A beautiful set of diagrams documenting the designs of parliamentary halls from across the world.
Archive — Books
Live well for less
Present&Correct has noticed that the Sainsbury’s own brand packaging archive is now available online.
I did snap up a copy of Jonny Trunk’s Own Label book when it came out. It features a wealth of Sainsbury’s own brand packaging from the 1960s and 1970s. The period marks a shift towards a more experimental, modernist approach to packaging design, “completely different from what had gone before,” according to Jonny Trunk’s foreword.
I find this sort of thing fascinating, because it’s almost telling a social history by stealth. It’s an insight into everyday life in mid-century Britain. When you turn the page and see packaging for broken eggs, you’re not just seeing a history of graphic design.
It’s one of the reasons why I also really enjoy visiting the Museum of Brands.
5 thoughts on self-help
I have never read what I would think of as a self-help book. I’m sceptical of them. But at the same time I am interested in self-improvement. Or at least, keeping check on yourself and learning generally, which I guess is a form of self-help.
In this article, Austin Kleon points out that:
…the problem with self-help today is that it has returned to the very quick-fix pseudoscientific snake-oil cures that [the first self-help book, written by Samuel] Smiles (what a perfect name) was reacting to…
I would argue that this isn’t necessarily just a problem for the self-help genre either. I am inherently wary of anything that claims to provide a one-size-fits-all silver bullet solution. Because it’s bound to be more complicated than that.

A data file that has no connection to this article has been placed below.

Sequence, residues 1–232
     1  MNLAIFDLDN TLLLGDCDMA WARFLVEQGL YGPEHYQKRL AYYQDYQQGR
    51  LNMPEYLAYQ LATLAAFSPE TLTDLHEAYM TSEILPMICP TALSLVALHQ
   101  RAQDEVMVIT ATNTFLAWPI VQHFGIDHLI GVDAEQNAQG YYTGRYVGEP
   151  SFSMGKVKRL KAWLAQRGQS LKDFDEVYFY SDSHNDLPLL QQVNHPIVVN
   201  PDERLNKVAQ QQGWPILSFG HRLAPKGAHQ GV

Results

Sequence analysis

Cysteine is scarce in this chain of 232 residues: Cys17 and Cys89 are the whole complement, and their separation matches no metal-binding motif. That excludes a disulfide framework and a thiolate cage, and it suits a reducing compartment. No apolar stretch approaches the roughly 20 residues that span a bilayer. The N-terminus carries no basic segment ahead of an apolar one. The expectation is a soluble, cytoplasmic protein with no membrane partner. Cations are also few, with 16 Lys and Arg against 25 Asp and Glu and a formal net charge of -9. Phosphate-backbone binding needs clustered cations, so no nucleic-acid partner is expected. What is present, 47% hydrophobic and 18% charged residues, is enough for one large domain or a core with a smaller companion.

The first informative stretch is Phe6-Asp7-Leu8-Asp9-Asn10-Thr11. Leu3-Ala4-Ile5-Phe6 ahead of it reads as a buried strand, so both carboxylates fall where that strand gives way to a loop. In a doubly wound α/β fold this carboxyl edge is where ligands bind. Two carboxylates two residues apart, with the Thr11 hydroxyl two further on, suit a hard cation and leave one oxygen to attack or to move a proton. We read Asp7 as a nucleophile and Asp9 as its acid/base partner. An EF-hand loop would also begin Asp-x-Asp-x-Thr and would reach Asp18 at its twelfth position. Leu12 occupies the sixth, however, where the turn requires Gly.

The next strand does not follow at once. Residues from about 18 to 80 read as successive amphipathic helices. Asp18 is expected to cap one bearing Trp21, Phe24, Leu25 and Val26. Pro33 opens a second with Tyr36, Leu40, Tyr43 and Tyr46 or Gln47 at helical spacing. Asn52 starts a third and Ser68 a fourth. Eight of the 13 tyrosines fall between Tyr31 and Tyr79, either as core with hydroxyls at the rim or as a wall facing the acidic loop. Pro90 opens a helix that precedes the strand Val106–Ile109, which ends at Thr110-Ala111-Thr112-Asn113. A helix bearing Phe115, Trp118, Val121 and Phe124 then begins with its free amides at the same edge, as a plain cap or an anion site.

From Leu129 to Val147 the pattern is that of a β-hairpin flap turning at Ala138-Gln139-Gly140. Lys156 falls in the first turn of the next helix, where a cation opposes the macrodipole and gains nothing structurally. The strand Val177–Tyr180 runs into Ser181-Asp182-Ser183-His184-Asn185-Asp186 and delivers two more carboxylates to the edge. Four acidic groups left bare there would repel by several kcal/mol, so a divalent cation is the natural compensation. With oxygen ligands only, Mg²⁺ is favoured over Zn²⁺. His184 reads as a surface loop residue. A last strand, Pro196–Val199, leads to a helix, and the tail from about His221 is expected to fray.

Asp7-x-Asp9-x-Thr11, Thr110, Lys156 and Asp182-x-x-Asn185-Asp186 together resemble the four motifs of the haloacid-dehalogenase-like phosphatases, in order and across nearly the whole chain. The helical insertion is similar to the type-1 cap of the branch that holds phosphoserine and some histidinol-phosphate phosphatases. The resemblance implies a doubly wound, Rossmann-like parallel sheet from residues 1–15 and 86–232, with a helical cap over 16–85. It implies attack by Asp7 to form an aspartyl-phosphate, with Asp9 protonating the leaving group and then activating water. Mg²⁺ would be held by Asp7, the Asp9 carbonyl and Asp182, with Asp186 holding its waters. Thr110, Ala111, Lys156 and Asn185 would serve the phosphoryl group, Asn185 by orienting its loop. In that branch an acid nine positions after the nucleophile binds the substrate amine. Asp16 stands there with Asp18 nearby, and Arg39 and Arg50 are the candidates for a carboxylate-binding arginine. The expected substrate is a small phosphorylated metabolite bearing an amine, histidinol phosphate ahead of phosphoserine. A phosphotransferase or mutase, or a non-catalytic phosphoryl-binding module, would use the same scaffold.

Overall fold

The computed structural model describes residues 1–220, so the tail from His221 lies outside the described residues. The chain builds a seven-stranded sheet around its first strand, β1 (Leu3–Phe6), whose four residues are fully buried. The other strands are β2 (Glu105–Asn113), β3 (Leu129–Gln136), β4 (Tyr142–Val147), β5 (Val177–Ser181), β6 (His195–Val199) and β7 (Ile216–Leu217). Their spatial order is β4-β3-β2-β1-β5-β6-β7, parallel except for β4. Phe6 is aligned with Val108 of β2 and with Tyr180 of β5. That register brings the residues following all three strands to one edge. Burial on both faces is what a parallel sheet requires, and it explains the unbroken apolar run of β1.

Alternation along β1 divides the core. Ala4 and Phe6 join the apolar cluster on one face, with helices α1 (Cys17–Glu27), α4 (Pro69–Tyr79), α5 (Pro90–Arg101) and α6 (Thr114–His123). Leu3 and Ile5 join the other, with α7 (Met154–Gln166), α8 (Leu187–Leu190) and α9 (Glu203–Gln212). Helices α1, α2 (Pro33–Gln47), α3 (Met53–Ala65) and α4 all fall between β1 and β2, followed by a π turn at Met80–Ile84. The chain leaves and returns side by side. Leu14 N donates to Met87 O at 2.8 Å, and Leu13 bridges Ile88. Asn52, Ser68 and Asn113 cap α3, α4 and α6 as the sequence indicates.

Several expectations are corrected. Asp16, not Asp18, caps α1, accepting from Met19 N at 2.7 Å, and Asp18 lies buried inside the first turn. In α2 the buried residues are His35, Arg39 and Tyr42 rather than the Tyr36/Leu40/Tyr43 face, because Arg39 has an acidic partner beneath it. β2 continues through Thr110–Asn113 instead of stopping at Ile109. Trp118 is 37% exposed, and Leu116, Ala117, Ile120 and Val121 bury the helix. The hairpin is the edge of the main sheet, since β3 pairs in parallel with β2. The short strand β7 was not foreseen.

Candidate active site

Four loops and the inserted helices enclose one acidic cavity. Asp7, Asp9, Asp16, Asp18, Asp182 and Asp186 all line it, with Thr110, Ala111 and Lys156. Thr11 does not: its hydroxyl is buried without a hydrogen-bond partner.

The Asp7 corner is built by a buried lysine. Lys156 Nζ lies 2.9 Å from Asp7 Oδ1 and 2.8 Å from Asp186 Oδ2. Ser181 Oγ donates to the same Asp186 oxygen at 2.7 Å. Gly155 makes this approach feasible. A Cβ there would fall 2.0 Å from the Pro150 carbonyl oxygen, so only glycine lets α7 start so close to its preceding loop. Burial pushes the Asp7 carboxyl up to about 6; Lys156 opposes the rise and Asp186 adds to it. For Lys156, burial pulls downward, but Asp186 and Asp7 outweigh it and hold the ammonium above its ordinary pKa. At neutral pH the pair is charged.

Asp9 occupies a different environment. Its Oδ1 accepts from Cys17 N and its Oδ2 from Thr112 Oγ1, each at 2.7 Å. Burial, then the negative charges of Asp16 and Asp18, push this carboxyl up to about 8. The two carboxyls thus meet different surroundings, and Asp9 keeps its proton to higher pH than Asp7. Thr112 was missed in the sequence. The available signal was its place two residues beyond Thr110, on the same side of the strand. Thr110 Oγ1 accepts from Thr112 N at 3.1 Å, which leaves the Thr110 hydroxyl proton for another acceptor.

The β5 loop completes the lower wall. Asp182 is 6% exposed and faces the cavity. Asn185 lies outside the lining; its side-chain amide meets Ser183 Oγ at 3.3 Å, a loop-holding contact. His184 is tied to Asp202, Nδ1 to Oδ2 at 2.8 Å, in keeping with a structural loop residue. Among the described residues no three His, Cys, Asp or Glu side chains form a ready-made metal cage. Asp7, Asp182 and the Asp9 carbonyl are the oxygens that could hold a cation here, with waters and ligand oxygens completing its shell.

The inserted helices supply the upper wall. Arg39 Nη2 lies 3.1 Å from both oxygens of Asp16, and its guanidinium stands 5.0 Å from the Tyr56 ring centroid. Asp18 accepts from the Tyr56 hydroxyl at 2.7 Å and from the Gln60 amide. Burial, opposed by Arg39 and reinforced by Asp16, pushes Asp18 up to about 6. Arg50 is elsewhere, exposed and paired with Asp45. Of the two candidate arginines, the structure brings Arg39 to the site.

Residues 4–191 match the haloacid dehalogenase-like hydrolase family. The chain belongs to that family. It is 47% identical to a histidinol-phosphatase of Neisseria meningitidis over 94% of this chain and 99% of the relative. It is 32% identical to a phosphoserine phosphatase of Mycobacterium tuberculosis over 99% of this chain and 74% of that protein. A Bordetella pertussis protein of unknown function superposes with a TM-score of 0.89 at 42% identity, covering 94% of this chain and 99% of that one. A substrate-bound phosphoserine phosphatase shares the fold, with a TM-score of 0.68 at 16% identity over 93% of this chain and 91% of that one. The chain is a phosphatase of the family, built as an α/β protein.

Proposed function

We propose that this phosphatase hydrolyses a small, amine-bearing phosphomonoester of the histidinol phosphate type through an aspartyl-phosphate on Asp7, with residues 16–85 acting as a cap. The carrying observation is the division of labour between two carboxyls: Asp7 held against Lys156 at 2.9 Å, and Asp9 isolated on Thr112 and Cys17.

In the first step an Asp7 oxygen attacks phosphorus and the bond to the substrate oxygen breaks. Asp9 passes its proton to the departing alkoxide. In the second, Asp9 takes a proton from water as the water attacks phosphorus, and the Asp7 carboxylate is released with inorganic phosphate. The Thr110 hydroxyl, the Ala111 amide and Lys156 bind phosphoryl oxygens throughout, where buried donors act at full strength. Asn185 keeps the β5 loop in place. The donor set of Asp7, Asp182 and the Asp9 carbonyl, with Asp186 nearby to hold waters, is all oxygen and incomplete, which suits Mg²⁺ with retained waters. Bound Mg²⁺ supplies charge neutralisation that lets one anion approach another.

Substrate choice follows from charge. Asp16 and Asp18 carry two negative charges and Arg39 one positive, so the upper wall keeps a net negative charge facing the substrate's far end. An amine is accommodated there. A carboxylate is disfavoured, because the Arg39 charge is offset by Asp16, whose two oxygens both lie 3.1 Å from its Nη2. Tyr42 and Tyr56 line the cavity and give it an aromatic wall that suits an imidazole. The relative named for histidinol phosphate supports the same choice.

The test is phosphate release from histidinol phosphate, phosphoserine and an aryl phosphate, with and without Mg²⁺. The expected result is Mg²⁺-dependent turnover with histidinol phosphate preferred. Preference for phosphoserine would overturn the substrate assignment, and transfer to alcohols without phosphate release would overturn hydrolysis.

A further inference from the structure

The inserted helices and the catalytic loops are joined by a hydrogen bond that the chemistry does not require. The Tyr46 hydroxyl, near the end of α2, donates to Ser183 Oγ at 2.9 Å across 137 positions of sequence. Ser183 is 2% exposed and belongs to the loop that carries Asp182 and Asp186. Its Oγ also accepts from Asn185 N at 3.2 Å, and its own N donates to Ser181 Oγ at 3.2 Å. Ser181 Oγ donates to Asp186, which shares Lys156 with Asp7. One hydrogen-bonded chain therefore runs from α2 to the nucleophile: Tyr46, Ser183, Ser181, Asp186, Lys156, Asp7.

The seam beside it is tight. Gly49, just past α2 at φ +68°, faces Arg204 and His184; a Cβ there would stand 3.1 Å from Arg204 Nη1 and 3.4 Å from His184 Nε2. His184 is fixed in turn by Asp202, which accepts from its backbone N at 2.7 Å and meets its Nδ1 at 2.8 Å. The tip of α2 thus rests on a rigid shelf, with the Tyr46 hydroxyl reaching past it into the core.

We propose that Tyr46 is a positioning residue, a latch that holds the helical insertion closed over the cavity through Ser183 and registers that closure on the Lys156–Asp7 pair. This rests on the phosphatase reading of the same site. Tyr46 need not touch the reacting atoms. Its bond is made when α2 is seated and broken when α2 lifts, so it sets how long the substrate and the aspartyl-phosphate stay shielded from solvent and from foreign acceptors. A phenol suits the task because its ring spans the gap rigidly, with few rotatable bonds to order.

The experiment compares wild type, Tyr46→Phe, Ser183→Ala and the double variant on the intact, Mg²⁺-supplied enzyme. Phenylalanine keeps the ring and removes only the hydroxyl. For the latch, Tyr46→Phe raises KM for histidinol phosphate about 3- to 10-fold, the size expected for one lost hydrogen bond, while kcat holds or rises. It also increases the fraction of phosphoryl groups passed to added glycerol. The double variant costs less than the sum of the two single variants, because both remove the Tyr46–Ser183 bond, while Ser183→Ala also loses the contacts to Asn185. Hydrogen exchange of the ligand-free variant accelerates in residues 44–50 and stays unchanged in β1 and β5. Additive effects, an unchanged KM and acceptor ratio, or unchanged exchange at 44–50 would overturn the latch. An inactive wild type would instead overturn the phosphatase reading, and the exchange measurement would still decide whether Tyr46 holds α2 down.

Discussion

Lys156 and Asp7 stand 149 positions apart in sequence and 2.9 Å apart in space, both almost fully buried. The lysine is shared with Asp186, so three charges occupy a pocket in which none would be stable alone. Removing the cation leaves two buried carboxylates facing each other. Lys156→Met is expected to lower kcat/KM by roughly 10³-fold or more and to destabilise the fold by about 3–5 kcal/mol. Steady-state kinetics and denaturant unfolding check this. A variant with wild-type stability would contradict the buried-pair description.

One of the worst things that self-help can do is convince you that you as an individual are to blame for all of your problems, and that if you’re struggling it’s just because you aren’t making the right moves.
Worst of all, some self-help books imply that if the book fails to help you, it’s not the book’s fault, it’s yours.
The six main stories, as identified by a computer
We have all heard the idea that there are only a handful of different stories. Now we can feed stories into computers to see the six different story arcs that exist — the extrapolation of an idea first expressed by Kurt Vonnegut.
This may not seem like anything special, Vonnegut says—his actual words are, “it certainly looks like trash”—until he notices another well known story that shares this shape. “Those steps at the beginning look like the creation myth of virtually every society on earth. And then I saw that the stroke of midnight looked exactly like the unique creation myth in the Old Testament.” Cinderella’s curfew was, if you look at it on Vonnegut’s chart, a mirror-image downfall to Adam and Eve’s ejection from the Garden of Eden. “And then I saw the rise to bliss at the end was identical with the expectation of redemption as expressed in primitive Christianity. The tales were identical.”